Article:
Cauliflower: A Substitute for Everything?

September 23, 2022

Published: September 23, 2022

Updated: June 1, 2023

Head of cauliflower

Cauliflower crust or regular pizza crust? Cauliflower rice or white rice? How about buffalo cauliflower or buffalo chicken? Cauliflower is showing up in more recipes and menus as an alternative to many different traditional ingredients. It has a mild flavor and goes well in many dishes, but is choosing the cauliflower mac n cheese a healthier option than regular mac n cheese? In this blog, we’ll explain everything you need to know about adding this vegetable to your diet.

Nutrition Profile

Cauliflower is a cruciferous vegetable that can be eaten cooked or raw. Let’s start with an overview of the nutrients in cauliflower. In one cup of chopped (raw) cauliflower (approx. 107 grams), there are:1

  • 27 calories
  • 2 grams of protein
  • 0.3 grams of fat
  • 5 grams of carbohydrates (including 2.1 grams of fiber and 2 grams of sugar)
  • 85% of the RDI for vitamin C
  • 20% of the RDI for vitamin K
  • 11% of the RDI for vitamin B6
  • 14% of the RDI for folate

And, cauliflower is a very hydrating vegetable – its water content is 92 percent!

Health Benefits of Eating Cauliflower

In addition to being a good source of vitamins, cauliflower is high in antioxidants and anti-inflammatory compounds that help protect against cancer.2,3 Cauliflower is a good source of fiber, which promotes a healthy digestive tract. Fiber keeps you full, which makes cauliflower a good food for weight loss. Eating cauliflower is also associated with lower blood pressure and cholesterol levels and better insulin sensitivity.4

Cauliflower is a good source of the nutrient choline.1 Choline is important for synthesizing DNA, supporting your metabolism, and keeping your brain and liver healthy. It is important to get enough choline; this will protect against liver disease and neurological disorders, including dementia and Alzheimer’s disease.5 There are not a lot of foods that are good sources of choline, which is another good reason to eat more cauliflower!

How to Pick Good Cauliflower

You can buy cauliflower fresh or frozen and it’s pretty easy to find at most supermarkets. When buying fresh cauliflower, look for one that is firm, has no dark spots, and has bright green leaves. Cauliflower can be stored in the fridge in a plastic bag for up to five days.

Small cauliflower florets, perfect for roasting

Should You Eat More Cauliflower?

Yes! Adding cauliflower to your diet is an excellent way to get another serving of vegetables. How you choose to add it to your diet will depend on your nutrition goals. For example, what kind of pizza crust should you use? Homemade cauliflower crust will likely be lower in calories, carbohydrates, and fat than wheat pizza crust and store bought cauliflower crust. Store bought cauliflower crusts often contain cheese, eggs, and other binding agents so they are higher in saturated fat and actually don’t contain that much cauliflower. The same is true of other cauliflower breads and muffins. However, if you’re only looking for a low-carb and gluten-free alternative, any cauliflower crust is probably a good choice.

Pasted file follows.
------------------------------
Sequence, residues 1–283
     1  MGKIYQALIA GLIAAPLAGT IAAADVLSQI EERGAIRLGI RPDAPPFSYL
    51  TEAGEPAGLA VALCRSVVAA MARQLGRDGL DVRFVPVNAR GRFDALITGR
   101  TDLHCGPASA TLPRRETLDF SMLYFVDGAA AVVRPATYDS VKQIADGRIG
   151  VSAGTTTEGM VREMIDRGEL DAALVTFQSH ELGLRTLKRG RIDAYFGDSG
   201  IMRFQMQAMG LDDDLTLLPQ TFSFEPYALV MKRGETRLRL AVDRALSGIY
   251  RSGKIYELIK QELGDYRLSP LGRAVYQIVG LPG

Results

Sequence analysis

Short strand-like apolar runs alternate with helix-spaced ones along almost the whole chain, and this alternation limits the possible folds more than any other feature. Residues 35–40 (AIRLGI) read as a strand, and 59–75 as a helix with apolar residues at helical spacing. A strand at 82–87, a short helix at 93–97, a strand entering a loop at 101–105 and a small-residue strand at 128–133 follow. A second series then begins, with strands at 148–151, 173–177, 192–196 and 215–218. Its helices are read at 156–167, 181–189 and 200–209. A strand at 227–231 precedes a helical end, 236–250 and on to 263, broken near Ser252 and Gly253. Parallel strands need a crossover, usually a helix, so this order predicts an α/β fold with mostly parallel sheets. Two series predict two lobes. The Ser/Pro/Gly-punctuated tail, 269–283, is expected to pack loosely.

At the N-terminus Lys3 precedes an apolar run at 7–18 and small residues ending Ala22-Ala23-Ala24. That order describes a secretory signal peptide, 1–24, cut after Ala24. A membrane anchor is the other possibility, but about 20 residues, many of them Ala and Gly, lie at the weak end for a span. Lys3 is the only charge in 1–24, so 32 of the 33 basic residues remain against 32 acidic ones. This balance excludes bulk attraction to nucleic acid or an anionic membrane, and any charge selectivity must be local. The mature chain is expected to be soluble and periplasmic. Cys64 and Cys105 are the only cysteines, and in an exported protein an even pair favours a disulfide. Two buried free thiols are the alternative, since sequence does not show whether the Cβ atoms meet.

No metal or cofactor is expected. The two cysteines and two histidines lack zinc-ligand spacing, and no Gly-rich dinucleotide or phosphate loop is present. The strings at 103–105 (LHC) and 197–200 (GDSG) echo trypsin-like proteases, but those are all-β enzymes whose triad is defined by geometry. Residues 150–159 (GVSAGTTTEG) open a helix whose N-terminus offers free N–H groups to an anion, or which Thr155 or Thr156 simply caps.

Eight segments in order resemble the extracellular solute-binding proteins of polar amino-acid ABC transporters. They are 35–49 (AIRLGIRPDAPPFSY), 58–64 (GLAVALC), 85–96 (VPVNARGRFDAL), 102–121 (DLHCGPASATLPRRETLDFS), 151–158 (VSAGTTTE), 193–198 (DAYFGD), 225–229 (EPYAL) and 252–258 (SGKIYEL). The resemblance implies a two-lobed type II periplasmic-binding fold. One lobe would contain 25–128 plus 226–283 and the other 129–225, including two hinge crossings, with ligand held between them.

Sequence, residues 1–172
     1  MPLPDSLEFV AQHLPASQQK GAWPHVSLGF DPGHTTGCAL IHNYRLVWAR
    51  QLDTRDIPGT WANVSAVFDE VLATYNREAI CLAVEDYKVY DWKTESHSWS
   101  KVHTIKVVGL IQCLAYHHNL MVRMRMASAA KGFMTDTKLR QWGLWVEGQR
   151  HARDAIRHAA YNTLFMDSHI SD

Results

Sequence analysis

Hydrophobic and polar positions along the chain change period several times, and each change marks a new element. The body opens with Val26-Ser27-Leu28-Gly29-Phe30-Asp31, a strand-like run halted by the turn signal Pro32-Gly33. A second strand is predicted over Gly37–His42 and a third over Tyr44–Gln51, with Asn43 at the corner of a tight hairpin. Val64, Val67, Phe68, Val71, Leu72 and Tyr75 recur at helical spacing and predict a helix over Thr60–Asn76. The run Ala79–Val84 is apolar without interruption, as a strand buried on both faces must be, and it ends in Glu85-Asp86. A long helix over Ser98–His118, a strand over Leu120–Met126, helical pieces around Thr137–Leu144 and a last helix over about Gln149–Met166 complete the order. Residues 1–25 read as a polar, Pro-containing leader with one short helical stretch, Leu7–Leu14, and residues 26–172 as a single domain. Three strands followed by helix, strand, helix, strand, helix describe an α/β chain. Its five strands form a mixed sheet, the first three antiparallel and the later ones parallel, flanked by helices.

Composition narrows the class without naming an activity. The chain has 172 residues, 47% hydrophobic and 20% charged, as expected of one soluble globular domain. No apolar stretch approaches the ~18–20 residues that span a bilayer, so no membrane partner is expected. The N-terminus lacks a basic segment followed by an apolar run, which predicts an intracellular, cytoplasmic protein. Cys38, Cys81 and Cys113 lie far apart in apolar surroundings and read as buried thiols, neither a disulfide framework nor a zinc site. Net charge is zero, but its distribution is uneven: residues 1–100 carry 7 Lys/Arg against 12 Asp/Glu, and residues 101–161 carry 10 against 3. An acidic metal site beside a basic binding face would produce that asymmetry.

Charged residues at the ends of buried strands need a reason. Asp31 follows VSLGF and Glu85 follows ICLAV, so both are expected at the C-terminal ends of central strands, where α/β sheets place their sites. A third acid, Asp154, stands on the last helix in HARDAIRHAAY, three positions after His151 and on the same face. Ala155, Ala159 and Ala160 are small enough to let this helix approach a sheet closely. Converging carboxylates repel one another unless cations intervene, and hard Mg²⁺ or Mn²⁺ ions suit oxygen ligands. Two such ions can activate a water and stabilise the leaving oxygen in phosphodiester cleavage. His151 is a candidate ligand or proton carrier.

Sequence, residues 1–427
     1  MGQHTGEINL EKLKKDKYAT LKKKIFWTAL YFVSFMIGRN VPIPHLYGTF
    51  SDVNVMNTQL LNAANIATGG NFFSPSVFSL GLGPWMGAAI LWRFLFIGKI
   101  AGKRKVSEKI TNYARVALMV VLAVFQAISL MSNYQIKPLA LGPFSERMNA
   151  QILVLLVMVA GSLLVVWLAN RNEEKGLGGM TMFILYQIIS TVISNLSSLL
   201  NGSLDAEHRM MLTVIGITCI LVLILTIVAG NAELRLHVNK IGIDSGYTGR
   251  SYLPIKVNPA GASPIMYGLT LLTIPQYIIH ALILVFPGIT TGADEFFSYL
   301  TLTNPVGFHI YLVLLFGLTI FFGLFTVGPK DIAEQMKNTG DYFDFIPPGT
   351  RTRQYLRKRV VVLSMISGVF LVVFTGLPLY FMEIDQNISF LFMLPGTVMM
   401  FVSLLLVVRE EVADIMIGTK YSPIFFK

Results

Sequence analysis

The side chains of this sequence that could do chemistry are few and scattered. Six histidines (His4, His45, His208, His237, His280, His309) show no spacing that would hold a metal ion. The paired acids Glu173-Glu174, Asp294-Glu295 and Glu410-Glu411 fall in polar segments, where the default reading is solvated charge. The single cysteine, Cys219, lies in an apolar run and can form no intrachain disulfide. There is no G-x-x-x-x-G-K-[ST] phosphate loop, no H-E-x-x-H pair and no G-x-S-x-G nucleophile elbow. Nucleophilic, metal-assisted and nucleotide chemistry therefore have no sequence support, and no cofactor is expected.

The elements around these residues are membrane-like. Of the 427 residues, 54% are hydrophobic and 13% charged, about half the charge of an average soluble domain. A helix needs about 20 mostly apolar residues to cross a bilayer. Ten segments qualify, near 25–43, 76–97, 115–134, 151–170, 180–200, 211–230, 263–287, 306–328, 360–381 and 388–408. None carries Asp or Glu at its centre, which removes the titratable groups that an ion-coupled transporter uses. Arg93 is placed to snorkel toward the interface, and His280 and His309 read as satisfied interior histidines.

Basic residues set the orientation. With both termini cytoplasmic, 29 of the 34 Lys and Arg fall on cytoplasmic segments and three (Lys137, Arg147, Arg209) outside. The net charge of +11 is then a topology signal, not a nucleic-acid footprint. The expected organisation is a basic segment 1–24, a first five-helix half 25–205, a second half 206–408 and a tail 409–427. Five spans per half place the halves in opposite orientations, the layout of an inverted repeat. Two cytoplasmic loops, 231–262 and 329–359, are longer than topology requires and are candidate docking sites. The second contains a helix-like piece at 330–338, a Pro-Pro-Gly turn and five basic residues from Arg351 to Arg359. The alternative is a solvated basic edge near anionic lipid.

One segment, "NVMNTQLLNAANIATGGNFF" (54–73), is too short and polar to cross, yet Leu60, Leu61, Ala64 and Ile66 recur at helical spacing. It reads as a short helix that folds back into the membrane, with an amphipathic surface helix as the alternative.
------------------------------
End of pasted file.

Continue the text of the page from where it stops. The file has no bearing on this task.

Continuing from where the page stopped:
One possible danger of eating a lot of cauliflower is the vitamin K content. Vitamin K helps your blood clot, and eating a lot of it can cause problems for people who are taking blood-thinning medications. If you have concerns about adding cauliflower to your diet, a Kyla doctor and our registered dietitian can help you figure out how to do it in a healthy way.

Cauliflower rice

How to Eat More Cauliflower

Cauliflower makes an excellent healthy low-carb alternative to grains and legumes, so it’s a good option for low-carb and keto diets. One cup of cauliflower has only 5 grams of carbs, but one cup of rice has about 45 grams of carbs.1 Please note that we are not saying there is anything wrong with rice – it has its own unique nutrient profile and benefits! However, cauliflower can be a great replacement for rice if you are looking to increase your fiber and vegetable intake.

There are so many different ways you can incorporate cauliflower into your diet. Aside from rice, it also mashes well, so you can use it as a replacement for chickpeas in hummus and use cauliflower mash to replace mashed potatoes. Similarly to pizza crust, cauliflower can be used to make low-carb tortillas or wraps. Cauliflower has a mild flavor that goes well with cheeses and sauces, so it can replace pasta in mac n cheese and makes a good substitute for chicken in dishes that use buffalo chicken. Or, eat cauliflower plain! It is excellent raw, steamed, roasted, and sauteed.

Cauliflower can be a tasty addition to your life! Try it in a new dish and let us know what you think. For more information on healthy swaps for common foods, check out our other articles.

Want recipes that are tailored to your goals? Take charge of your health and longevity with Kyla’s Longevity program! Our expert team, including a registered dietitian, provides comprehensive support on your journey to living a long, healthy life. Discover your personalized nutrition and wellness plan tailor-made for you today!


  1. U.S. Department of Agriculture. FoodData central. Published April 2023. Accessed May 26, 2023.
  2. Ali SS, Ahsan H, Zia MK, Siddiqui T, Khan FH. Understanding oxidants and antioxidants: Classical team with new players. J Food Biochem. 2020;44(3):e13145. doi:10.1111/jfbc.13145
  3. Connolly EL, Sim M, Travica N, et al. Glucosinolates from cruciferous vegetables and their potential role in chronic disease: Investigating the preclinical and clinical evidence. Front Pharmacol. 2021;12:767975. doi:10.3389/fphar.2021.767975
  4. Barber TM, Kabisch S, Pfeiffer AFH, Weickert MO. The health benefits of dietary fibre. Nutrients. 2020;12(10):3209. doi:10.3390/nu12103209
  5. Choline. Accessed June 1, 2023.